New school-based research trials
A scheme that uses real-life problems to teach maths to teenagers and a programme to help predict pupils’ social and emotional development are among six new large-scale research projects that teachers will be carrying out in schools.
The government-funded Education Endowment Foundation has announced six grants for randomised controlled trials, to find out how best to raise attainment in schools.
Ten-thousand pupils in 130 schools will take part in the Maths in Context programme. This encourages teenagers to use maths to solve real-life problems, such as estimating the cost of a gas bill or calculating interest on a bank account.
A second grant – awarded to the University of Oxford and the UCL Institute of Education – will help early years teachers to improve the language skills and social and emotional development of three- and four-year-olds. These areas are known to predict children’s later development.
A third will fund Achievement for All, a whole-school approach to closing the attainment gap between children receiving free school meals or those with a statement of special educational needs and their classmates.
Three of the new trials will be testing different ways to improve the attainment of pupils who speak English as an additional language (EAL).
EAL in the Mainstream Classroom helps teachers of Year 10 classes to develop specific resources for EAL pupils, and to differentiate between those with different language skills.
Integrating English will provide four days of training to teachers of Years 5 and 6, to enable them to improve the way that they teach linguistics and grammar.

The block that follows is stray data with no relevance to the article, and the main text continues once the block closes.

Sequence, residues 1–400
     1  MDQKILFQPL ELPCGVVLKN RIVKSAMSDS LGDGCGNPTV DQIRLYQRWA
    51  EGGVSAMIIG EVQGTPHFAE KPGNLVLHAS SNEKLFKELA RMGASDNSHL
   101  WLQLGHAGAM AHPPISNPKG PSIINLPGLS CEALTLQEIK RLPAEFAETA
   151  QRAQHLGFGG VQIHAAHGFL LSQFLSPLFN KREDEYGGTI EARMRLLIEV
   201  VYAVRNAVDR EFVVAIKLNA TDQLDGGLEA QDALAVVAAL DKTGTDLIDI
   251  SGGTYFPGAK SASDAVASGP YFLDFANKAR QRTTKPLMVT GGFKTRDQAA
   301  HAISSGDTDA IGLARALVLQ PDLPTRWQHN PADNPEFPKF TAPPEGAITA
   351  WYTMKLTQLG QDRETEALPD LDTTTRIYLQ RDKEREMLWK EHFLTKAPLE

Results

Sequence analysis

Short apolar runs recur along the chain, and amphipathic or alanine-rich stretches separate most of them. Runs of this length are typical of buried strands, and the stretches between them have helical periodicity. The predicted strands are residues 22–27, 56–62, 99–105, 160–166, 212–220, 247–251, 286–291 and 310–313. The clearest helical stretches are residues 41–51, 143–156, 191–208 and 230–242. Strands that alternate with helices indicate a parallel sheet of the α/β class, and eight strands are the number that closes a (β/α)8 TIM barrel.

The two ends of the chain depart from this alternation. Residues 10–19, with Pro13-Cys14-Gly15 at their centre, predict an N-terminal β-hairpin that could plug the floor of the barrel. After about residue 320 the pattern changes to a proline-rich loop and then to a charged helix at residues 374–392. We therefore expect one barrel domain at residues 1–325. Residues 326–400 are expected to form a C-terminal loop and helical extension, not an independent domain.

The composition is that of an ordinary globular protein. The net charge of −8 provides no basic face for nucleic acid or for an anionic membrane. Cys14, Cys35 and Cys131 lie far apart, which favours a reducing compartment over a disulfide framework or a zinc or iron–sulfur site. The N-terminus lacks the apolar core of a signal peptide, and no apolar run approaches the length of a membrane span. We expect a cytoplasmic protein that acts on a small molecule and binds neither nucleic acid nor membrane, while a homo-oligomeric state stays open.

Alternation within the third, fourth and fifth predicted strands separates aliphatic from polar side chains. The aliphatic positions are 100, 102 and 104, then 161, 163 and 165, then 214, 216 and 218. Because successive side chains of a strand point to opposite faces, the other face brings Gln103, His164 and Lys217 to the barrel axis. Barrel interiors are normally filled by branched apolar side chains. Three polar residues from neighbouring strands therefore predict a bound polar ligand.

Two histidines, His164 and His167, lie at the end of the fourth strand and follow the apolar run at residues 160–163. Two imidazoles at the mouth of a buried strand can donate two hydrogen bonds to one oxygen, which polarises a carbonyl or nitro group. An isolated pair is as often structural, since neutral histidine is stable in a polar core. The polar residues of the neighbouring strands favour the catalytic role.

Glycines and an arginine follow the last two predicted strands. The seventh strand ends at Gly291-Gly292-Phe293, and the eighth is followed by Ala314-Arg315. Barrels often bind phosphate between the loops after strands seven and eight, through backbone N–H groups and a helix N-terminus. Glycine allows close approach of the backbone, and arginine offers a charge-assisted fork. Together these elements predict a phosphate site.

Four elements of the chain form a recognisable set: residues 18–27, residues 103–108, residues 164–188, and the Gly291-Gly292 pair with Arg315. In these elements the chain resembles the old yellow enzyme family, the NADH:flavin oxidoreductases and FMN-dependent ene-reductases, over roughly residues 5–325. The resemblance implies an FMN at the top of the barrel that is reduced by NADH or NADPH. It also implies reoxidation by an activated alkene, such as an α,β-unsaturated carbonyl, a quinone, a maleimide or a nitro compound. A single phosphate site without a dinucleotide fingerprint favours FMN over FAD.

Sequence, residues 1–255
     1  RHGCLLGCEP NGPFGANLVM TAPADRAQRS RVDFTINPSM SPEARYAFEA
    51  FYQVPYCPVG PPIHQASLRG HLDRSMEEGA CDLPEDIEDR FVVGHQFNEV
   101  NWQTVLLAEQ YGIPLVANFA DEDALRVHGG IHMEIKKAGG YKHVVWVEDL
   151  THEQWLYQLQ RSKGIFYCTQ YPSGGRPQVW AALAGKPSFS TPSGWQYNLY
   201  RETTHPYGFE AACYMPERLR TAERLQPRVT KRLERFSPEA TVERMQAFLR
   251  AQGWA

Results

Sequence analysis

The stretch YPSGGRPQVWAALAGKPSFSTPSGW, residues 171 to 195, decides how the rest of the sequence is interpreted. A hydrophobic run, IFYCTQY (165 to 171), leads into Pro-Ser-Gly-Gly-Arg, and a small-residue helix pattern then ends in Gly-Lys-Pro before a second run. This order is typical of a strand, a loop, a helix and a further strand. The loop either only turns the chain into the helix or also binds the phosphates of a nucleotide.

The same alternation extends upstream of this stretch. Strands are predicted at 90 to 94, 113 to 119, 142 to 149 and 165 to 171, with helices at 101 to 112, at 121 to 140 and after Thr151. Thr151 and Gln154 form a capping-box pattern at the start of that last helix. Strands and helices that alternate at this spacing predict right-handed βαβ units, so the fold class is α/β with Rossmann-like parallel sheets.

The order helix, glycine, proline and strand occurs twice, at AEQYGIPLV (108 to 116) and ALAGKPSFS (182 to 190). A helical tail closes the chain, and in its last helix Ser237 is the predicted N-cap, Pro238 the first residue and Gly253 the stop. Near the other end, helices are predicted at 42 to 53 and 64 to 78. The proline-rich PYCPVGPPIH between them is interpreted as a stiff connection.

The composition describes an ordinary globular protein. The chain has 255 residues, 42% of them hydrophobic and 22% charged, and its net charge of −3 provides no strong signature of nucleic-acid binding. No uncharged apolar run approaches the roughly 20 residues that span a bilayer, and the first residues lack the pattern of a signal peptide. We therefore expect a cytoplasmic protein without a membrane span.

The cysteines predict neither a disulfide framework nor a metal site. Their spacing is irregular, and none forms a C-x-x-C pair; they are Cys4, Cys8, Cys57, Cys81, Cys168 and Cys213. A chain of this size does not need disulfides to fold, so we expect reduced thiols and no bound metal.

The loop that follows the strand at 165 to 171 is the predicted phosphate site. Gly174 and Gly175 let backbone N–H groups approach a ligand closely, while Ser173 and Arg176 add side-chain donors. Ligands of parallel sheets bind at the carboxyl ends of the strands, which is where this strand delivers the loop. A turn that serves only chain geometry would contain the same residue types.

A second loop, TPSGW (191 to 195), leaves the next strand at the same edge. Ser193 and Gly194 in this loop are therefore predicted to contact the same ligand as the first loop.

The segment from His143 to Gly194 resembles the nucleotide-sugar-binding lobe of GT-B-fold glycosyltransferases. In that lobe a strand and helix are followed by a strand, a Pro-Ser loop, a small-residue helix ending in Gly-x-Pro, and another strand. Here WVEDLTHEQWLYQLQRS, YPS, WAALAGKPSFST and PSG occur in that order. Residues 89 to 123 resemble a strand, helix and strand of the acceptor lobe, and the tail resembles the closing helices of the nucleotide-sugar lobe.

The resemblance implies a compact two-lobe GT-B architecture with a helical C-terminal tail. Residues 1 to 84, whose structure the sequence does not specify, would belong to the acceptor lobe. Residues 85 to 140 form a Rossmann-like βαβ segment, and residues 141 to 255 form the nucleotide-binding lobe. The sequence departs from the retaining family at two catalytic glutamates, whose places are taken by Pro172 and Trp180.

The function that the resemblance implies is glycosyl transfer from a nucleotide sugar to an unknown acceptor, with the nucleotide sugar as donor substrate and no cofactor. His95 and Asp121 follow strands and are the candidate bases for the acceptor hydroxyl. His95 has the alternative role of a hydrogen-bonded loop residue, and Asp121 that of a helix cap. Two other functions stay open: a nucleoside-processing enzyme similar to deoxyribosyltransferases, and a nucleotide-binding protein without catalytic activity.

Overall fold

Finally, the Family Skills programme focuses on helping parents to improve the literacy skills of reception-class children with EAL.
Extra maths helps girls with language
Giving girls extra maths tuition improves their maths results and native-language skills, new research shows. Boys who are given additional native-language lessons tend to perform better in language lessons, but worse in maths.
Elena Claudia Meroni, of the European Commission’s Joint Research Centre in Italy, and Giovanni Abbiati, of Italy’s IRVAPP research centre, analysed the results of an EU-funded programme providing additional maths and language lessons for 10- to 11-year-olds in more than 300 Italian schools. They found that boys tended to view the extra language tuition as a reason to engage less during maths lessons.
Class beats income in attainment
Parents’ education and social class affect children’s educational attainment far more than “family status” and income, new research shows.
A study of almost 28,000 Swedish schoolchildren, conducted by Robert Erikson from Stockholm University, found that all four of these factors have an effect of children’s achievement in school.
However, parental earnings had the weakest link to school grades, while parents’ education and class were shown to have the strongest link. Professor Erikson suggested that this was because highly educated parents tend to value education for their children.
Academics launch Kenyan project
A new British research project aims to ensure that Kenyan schoolchildren have access to the education necessary to go on to university and find a well-paid job.
Academics from the University of Brighton’s Education Research Centre are working with Kenya’s Kenyatta and Moi universities. The project will offer professional development, including a mentoring scheme, for early career teachers.